Will people want to run around in the backwoods of Maple Ridge, shooting paintballs and yelling at each other, playing army?
Will they come out here and stay in a large campground near Whonnock Lake instead of Golden Ears Provincial Park?
Maple Ridge council wants to know if entrepreneurs are interested in both concepts as it offers to lease out its land and grow the economy by drawing in people, money and jobs.
But the paint ball battle could be half won.
A United Kingdom company, Bawtry Paintball Fields, has already pitched Maple Ridge and has spent the last year and a half touring the district looking for a place where it could start its first North American venture.
Described as “The Disneyland of Paintball” and likened to “something out of a Hollywood film set,” Bawtry Paintball Fields was named Britain’s best paintball venue five years running, says its website.
The company’s already met several times with district staff and toured around, looking for spots.
A likely location for the paintball could be 20 acres of district land on Fern Crescent at the entrance to Golden Ears Provincial Park, while another 50-acre district parcel at Whonnock Lake could be leased for a full-service campground.
Councillors, though, had a few concerns about the facilities.
What about the fire risk to neighbouring homes from campfires, asked Coun. Al Hogarth.
Director of parks and facilities Dave Boag said many campers now use propane-fuelled fireplaces, while bylaws director Liz Holitzki said Maple Ridge fire department can slap burning plans in place at any time.
Thick forest in the Whonnock area is expected to dissipate any campfire smoke.
Council heard that developing the campgrounds could cost $4 million, so a 20- to 25-year lease term is needed to make the investment worthwhile.
If any leasing deals are made, they could be modeled on the arrangement WildPlay Element Park already has with Maple Ridge on the former municipal campground for its tree-top rope adventures.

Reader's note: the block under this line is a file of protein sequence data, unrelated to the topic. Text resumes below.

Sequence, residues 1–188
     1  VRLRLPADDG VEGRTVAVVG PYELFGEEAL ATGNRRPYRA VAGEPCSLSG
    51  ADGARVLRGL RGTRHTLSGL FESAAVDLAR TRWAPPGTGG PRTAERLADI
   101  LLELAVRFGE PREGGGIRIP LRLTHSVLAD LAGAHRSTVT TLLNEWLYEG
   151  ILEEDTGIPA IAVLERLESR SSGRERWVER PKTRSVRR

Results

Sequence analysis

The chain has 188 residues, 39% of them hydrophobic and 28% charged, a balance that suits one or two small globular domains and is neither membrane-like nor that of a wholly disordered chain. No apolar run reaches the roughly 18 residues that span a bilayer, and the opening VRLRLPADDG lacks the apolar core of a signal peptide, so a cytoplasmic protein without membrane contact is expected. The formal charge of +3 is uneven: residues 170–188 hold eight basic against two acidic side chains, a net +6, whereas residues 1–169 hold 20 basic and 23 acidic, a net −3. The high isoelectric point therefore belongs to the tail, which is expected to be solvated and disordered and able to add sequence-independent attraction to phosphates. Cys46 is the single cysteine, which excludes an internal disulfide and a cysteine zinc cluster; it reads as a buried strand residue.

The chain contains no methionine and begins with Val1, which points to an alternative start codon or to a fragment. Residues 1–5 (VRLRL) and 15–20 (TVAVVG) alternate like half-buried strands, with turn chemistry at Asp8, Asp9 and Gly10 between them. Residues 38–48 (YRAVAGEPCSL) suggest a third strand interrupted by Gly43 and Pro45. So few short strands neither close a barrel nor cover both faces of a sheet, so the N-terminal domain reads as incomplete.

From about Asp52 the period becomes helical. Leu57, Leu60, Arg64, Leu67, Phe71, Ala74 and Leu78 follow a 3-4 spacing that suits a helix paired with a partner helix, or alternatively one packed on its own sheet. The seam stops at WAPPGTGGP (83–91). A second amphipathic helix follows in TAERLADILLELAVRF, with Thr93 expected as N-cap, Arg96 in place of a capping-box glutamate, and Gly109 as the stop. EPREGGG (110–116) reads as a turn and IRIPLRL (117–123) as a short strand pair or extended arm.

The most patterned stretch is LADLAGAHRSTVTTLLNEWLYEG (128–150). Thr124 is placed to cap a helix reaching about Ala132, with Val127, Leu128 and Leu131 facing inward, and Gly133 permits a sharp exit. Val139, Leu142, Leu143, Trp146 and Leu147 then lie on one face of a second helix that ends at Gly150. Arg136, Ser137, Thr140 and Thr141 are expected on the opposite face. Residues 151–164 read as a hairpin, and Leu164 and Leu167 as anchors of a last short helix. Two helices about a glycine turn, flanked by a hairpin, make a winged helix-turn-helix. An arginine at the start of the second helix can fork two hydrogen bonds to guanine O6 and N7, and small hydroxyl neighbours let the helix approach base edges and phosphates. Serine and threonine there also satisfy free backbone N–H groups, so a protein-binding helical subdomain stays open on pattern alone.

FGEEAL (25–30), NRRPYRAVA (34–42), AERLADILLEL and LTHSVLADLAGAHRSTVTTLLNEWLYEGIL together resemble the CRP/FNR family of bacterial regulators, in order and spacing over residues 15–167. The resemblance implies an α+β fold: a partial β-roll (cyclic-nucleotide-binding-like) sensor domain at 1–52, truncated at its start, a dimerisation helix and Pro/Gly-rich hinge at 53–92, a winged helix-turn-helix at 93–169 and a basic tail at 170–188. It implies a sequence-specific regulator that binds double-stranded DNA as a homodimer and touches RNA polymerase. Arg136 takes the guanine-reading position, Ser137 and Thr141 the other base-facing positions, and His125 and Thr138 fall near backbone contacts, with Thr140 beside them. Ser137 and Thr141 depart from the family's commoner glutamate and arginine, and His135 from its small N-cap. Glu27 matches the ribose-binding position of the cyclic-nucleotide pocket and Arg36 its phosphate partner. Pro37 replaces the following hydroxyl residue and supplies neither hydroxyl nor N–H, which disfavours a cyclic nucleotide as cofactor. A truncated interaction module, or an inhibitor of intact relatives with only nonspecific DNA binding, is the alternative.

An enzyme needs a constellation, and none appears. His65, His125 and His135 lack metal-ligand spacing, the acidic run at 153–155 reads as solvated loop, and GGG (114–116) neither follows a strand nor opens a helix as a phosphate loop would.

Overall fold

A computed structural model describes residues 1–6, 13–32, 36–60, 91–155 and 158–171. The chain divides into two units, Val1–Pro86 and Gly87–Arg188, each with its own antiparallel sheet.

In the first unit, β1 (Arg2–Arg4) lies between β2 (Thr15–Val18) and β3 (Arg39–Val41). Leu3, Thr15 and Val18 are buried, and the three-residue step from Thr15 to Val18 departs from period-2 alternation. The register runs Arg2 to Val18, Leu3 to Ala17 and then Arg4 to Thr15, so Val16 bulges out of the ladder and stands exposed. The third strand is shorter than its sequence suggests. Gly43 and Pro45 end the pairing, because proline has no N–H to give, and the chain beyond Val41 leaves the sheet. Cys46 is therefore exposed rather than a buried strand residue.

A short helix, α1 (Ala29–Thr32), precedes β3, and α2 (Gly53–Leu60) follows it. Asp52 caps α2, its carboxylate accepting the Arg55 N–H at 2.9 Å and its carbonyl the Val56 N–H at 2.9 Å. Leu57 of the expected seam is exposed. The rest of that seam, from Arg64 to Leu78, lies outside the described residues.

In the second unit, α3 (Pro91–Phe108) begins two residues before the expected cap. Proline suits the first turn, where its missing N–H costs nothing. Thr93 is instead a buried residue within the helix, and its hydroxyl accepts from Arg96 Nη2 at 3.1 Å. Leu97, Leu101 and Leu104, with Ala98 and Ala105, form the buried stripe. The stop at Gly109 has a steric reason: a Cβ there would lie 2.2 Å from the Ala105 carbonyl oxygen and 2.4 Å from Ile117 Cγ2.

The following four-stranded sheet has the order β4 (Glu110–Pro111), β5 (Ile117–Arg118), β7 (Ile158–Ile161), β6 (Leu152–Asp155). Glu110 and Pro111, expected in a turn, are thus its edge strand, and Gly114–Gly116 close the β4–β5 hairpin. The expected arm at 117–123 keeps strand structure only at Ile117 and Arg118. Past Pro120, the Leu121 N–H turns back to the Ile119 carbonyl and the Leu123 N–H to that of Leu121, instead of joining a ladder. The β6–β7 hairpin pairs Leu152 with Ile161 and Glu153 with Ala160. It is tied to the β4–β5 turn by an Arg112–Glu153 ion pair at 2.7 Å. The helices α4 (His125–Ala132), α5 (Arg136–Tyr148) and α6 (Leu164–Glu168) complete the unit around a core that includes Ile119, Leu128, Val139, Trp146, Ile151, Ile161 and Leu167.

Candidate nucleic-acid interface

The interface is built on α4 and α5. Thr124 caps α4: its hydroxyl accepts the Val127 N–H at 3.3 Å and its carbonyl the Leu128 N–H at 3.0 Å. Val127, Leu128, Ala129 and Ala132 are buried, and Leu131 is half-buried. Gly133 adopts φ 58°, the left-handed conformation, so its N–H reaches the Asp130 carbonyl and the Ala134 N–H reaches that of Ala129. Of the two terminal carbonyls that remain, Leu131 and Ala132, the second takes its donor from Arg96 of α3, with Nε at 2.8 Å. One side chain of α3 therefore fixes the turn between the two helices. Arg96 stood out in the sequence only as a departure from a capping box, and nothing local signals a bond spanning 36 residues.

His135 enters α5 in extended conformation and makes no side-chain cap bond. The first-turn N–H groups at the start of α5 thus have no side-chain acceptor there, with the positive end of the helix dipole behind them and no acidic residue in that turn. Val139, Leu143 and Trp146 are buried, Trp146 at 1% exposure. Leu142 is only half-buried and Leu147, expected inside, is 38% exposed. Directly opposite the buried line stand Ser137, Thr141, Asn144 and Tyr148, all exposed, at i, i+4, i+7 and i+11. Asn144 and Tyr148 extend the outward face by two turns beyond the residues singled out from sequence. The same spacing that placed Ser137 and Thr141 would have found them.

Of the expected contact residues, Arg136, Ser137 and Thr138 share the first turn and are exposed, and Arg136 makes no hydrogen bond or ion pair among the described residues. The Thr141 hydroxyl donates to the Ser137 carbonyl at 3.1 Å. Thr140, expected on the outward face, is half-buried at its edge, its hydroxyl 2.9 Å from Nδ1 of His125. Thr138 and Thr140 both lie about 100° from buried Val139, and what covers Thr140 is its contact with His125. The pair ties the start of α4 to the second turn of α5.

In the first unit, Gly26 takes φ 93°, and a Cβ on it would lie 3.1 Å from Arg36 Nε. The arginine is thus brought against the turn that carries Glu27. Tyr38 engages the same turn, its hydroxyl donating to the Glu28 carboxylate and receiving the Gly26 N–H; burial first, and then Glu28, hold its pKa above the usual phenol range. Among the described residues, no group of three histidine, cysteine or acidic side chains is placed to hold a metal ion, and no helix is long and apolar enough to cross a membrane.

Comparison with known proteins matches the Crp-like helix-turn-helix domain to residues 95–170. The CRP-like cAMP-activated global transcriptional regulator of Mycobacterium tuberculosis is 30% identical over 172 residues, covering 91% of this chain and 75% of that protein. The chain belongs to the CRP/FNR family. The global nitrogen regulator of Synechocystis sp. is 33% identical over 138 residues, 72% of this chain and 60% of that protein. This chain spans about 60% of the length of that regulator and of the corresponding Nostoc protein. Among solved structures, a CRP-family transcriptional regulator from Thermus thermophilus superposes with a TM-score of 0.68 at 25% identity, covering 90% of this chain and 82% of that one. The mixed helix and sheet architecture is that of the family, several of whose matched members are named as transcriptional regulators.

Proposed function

Maple Ridge now makes twice what it used to in leasing to WildPlay than it did from campground fees.
The arrangement, which took effect in 2010, also includes a share in the revenue if WildPlay does exceedingly well.
However, last year, WildPlay had its rent cut in half by the district, to $16,000, because of lower-than expected revenues. Still, in its first year, it drew about 14,000 people, with 70 per cent of those from outside Maple Ridge.
In 2012, attendance jumped to 15,750.
Council was to vote on going forward with seeking expressions of interest at its Tuesday meeting.
Cell companies should share towers
If cellphone companies could all just get along, they might make the District of Maple Ridge’s new policy on cell towers easier to implement.
Maple Ridge wants companies to share towers where possible at five locations.
The strategy is an attempt at preventing cell towers from being built near homes, often a controversial topic over which the district has no control because communications is a federal issue.
Council last fall passed a policy asking cell companies to consult with the district, although it recognizes municipalities cannot prohibit such structures.
The protocol requires review of “high-impact” towers – those within 100 metres of residential areas or greater in height than 15 metres in commercial areas, or towers that go into environmentally sensitive or culturally significant areas.
Under the policy, such a proposal would require a public meeting before seeking permission from the district. People who live within 300 metres of a proposed tower would receive mail notification.
The policy, if approved, also would require cellphone towers to be “disguised and unobtrusive and inconspicuous.”
It would also set limits on how close a tower could be located to homes. Towers that are 56 metres or higher would have to be three times the height of the tower from the nearest house.
A staff report notes that free-standing towers don’t require municipal building permits, but towers or antennas attached to regular buildings do require building permits.
With technology changing and smaller antennas now capable of being attached to street lights or traffic lights, the district will also have to create a policy dealing with those devices as well.
Another option is to install antennae on public infrastructure that would minimize visual impacts. It’s hoped that the companies responding to the request for expressions of interest will consider such technology.
“From my perspective, it’s got to be what’s best for Maple Ridge citizens. We are open to them being there as much as it can be on our terms,” said Mayor Ernie Daykin.